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13 States That Tax Social Security Benefits

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Are Social Security benefits taxable? You better believe it. Uncle Sam taxes up to 85% of your benefits, depending on your income, and several states tack on a state tax of their own. West Virginia, for one, treats Social Security benefits the same way as the feds. Other states tax Social Security benefits only if income exceeds a state-specified threshold. For example, Connecticut taxes Social Security benefits if your income tops $50,000, or $60,000 if you’re married and file taxes jointly.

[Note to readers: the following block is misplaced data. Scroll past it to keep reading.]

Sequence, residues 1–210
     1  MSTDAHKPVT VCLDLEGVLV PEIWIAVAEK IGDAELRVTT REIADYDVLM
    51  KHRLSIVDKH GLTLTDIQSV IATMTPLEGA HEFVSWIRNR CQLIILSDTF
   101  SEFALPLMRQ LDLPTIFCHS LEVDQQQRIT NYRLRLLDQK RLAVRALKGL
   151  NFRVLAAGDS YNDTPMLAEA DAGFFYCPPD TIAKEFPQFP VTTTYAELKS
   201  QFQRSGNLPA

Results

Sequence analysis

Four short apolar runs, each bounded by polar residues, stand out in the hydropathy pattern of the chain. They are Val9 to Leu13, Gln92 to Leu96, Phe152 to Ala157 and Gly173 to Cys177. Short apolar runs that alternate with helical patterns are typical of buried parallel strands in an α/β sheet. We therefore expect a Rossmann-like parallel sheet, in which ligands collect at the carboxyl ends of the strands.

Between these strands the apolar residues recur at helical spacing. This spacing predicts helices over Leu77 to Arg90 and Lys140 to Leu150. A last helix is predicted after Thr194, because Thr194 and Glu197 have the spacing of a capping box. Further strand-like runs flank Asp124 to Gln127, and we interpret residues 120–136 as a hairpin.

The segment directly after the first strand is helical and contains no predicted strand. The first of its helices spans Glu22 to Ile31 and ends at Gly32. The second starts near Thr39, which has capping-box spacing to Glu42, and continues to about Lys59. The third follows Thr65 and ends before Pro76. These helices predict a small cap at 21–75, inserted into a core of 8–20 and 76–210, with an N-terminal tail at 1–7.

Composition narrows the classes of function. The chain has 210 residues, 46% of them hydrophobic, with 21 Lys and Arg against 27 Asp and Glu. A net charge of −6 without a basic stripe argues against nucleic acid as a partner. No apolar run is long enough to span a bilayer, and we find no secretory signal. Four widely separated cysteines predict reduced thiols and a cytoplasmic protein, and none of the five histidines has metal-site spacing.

A tax on Social Security doesn’t necessarily make a state unsuitable for retirement. North Dakota, one of the 13 states that taxes Social Security, actually ranks as a very tax-friendly state for retirees. Weigh all state taxes when researching the best places to retire. For each state, we’ve included a link to our full guide to state taxes on retirees. Take a look at the 13 states that tax Social Security benefits.

SEE ALSO: How All 50 States Tax Retirees

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Kiplinger’s state-by-state guide to taxes on retirees is updated annually based on information from state tax departments, Wolters Kluwer Tax & Accounting and the Tax Foundation. All data are for the 2018 tax year unless otherwise noted.

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